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Rolle's Theorem

Let $f(x):[a,b]\to\mathbb{R}$ where $f$ is differentiable at $(a,b)$ and continuous at $[a,b]$, with $f(a) = f(b)$.

We know from Rolle's theorem that $\exists$ at least one $x_o: f'(x_0)=0$


The problem

Let $x_1,x_2,x_3$ be the successive solutions of $f$.

  1. Prove $f''(x)$ has at least one solution

Solution Attempt

From Rolle's theorem is is obvious that $f'(x)$ has at least two solutions $$f'(c_1) = f'(c_2) = 0$$

$$x_1<c_1<x_2<c_2<x_3$$

Therefore, if we could prove $f'(x)$ is differentiable, then $f'(x)$ would also satisfy Rolle's theorem. Thus, we will be able to prove that $f''(x):(c_1,c2)\to\mathbb{R}$ has also at least one solution.


The Question

How to prove that $f'(x)$ is differentiable (given the fact $f$ satisfies Rolle's conditions)?

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    $\begingroup$ You won’t, unfortunately. $\endgroup$ – Michael Hoppe Jul 12 at 5:58
  • $\begingroup$ @MichaelHoppe How can we prove that its not then? $\endgroup$ – Dimitris Jul 12 at 5:59
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    $\begingroup$ I dont see any reason for $f'$ to be differentiable (or even continuous) as Rolle's theorem does not have this cosequence. You will need to find a counter exmaple. $\endgroup$ – eminem Jul 12 at 6:00
  • $\begingroup$ It makes sense, Slim Shady $\endgroup$ – Dimitris Jul 12 at 6:01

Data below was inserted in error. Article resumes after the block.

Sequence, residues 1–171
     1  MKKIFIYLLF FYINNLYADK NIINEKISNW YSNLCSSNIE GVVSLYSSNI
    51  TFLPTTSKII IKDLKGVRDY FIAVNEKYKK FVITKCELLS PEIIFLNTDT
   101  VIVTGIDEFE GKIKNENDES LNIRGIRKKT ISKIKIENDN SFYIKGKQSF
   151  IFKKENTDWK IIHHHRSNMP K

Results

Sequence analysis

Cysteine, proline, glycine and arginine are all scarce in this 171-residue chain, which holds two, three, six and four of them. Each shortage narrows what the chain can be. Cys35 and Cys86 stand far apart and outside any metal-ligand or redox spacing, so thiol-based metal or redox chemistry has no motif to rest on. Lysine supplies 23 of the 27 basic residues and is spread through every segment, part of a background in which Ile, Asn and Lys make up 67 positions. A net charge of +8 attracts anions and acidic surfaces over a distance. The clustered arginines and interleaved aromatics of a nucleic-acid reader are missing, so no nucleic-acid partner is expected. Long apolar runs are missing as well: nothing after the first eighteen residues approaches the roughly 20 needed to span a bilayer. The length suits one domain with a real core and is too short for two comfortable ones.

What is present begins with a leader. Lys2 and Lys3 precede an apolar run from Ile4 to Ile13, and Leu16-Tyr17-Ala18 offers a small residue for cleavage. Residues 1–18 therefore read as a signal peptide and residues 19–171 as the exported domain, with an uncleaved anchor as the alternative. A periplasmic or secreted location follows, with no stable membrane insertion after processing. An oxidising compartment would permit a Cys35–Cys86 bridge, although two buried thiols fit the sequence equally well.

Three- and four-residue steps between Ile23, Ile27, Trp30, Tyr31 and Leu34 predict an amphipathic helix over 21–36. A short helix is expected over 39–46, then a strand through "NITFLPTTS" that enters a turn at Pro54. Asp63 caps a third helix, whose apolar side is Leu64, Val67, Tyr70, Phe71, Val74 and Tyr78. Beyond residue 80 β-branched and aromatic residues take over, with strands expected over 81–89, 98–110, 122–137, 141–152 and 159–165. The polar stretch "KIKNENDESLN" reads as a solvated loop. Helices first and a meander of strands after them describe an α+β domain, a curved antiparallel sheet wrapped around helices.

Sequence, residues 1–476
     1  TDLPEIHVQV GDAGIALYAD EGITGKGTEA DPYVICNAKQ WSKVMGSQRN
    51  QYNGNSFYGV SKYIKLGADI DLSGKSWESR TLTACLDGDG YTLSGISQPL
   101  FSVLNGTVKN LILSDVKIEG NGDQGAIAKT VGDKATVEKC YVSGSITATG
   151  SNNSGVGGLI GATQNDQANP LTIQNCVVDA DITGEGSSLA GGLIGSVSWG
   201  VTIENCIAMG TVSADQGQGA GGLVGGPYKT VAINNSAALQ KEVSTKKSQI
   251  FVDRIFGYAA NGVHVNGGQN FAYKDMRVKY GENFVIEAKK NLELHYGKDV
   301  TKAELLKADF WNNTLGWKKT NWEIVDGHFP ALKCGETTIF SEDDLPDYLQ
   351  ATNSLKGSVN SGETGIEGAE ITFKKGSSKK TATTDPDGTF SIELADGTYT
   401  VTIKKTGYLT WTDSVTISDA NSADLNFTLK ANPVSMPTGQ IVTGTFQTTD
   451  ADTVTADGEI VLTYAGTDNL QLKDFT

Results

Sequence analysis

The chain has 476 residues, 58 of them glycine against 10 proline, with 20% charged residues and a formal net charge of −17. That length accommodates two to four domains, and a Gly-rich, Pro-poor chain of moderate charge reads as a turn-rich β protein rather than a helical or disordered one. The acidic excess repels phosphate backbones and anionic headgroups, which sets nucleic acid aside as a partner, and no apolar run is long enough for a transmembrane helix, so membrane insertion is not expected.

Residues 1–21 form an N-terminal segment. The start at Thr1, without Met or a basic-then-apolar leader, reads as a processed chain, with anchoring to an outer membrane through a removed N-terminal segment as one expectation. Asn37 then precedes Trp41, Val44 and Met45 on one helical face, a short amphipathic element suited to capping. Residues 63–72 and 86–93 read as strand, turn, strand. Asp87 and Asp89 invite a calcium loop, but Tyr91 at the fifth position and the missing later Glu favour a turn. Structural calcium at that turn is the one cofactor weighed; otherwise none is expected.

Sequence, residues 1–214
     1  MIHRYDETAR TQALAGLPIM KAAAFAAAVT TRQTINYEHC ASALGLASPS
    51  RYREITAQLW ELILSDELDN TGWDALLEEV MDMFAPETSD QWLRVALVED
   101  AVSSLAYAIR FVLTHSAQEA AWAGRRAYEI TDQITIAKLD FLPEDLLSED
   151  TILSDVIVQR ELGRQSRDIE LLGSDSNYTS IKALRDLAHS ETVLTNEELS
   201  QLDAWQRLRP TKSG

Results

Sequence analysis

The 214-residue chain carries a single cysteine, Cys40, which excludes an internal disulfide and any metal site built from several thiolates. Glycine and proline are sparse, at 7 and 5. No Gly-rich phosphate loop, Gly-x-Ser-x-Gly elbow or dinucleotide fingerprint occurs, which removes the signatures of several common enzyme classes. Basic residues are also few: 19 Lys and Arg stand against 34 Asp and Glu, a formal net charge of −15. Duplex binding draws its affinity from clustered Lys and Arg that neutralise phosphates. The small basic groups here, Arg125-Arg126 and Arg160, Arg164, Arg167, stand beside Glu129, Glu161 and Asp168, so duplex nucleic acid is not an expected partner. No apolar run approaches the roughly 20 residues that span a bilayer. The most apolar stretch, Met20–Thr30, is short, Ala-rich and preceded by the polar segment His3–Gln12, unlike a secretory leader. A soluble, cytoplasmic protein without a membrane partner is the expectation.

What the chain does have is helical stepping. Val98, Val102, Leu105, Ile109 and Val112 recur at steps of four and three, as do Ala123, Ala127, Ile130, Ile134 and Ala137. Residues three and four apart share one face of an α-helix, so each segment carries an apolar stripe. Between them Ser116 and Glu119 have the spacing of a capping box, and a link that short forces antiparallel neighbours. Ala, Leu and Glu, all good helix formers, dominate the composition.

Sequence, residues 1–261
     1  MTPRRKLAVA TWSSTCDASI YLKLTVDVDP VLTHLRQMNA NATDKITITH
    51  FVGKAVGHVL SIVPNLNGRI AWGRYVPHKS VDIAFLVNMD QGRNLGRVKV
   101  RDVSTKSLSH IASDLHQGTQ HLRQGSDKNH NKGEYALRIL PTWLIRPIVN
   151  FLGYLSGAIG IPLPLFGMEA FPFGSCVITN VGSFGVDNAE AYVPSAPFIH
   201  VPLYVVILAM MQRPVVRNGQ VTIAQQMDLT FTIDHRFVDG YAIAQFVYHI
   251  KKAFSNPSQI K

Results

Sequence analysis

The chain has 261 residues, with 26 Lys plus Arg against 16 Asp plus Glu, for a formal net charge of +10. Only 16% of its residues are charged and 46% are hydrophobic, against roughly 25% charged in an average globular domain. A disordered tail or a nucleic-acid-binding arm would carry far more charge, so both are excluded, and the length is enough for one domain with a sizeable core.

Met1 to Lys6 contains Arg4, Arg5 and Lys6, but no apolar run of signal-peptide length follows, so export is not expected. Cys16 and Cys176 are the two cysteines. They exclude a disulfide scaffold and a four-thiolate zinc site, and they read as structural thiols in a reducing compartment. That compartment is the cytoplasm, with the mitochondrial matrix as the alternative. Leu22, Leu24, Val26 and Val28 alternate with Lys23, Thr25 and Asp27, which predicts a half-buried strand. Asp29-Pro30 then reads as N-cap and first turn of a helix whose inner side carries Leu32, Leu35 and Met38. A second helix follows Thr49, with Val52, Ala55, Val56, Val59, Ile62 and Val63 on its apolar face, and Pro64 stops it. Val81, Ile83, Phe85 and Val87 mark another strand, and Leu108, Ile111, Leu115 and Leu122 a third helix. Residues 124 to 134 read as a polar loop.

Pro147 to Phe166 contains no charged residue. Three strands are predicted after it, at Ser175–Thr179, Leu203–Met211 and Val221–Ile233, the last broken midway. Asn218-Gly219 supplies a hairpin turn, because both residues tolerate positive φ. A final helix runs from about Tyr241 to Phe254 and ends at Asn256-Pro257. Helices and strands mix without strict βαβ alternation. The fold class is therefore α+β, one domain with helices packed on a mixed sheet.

• $\begingroup$ If any of you wants to post an answer, I'll accept it. I was just wondering if I am missing any Rolle's theorem consequence. $\endgroup$ – Dimitris Jul 12 at 6:09
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You will have to assume from the beginning that both $f$ and $f'$ satisfy the hypothesis of Rolle's theorem. For a counter-example, think of a function $g$ which is continuous, but not differentiable (like $|x|$), but modify it slightly (think of "piecing together" a few absolute value functions, so that the graph looks like a bunch of letter "W" stuck side-by-side, like a jagged sine graph). Then, integrate take $f(x):= \int_0^x g(t)\, dt$.

Then, $f$ is not twice differentiable on $\Bbb{R}$, but wherever $f''(x)$ exists, it is always $\pm 1$ (in particular non-zero).

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